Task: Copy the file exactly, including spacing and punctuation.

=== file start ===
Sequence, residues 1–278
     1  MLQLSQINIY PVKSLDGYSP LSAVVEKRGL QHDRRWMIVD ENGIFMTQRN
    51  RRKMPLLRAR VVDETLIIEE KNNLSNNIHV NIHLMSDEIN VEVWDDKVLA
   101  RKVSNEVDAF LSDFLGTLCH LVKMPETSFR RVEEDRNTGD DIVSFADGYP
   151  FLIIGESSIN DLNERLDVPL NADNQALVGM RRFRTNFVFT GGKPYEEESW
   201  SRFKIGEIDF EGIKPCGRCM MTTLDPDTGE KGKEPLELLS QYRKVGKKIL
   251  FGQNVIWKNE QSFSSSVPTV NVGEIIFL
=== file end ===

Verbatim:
Sequence, residues 1–278
     1  MLQLSQINIY PVKSLDGYSP LSAVVEKRGL QHDRRWMIVD ENGIFMTQRN
    51  RRKMPLLRAR VVDETLIIEE KNNLSNNIHV NIHLMSDEIN VEVWDDKVLA
   101  RKVSNEVDAF LSDFLGTLCH LVKMPETSFR RVEEDRNTGD DIVSFADGYP
   151  FLIIGESSIN DLNERLDVPL NADNQALVGM RRFRTNFVFT GGKPYEEESW
   201  SRFKIGEIDF EGIKPCGRCM MTTLDPDTGE KGKEPLELLS QYRKVGKKIL
   251  FGQNVIWKNE QSFSSSVPTV NVGEIIFL